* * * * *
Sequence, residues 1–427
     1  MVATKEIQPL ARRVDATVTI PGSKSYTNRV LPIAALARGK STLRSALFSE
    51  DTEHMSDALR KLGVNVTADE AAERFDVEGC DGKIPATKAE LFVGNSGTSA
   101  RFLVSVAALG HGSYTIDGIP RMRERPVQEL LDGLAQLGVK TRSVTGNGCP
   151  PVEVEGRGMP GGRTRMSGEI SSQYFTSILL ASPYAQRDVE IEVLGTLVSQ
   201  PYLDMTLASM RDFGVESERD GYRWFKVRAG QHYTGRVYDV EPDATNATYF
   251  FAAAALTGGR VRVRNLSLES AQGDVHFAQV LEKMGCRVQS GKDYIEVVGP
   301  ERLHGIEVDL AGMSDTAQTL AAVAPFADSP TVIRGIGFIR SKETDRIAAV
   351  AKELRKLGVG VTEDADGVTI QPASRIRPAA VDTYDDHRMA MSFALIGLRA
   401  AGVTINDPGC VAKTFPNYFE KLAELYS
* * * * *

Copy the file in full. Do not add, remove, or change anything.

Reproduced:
Sequence, residues 1–427
     1  MVATKEIQPL ARRVDATVTI PGSKSYTNRV LPIAALARGK STLRSALFSE
    51  DTEHMSDALR KLGVNVTADE AAERFDVEGC DGKIPATKAE LFVGNSGTSA
   101  RFLVSVAALG HGSYTIDGIP RMRERPVQEL LDGLAQLGVK TRSVTGNGCP
   151  PVEVEGRGMP GGRTRMSGEI SSQYFTSILL ASPYAQRDVE IEVLGTLVSQ
   201  PYLDMTLASM RDFGVESERD GYRWFKVRAG QHYTGRVYDV EPDATNATYF
   251  FAAAALTGGR VRVRNLSLES AQGDVHFAQV LEKMGCRVQS GKDYIEVVGP
   301  ERLHGIEVDL AGMSDTAQTL AAVAPFADSP TVIRGIGFIR SKETDRIAAV
   351  AKELRKLGVG VTEDADGVTI QPASRIRPAA VDTYDDHRMA MSFALIGLRA
   401  AGVTINDPGC VAKTFPNYFE KLAELYS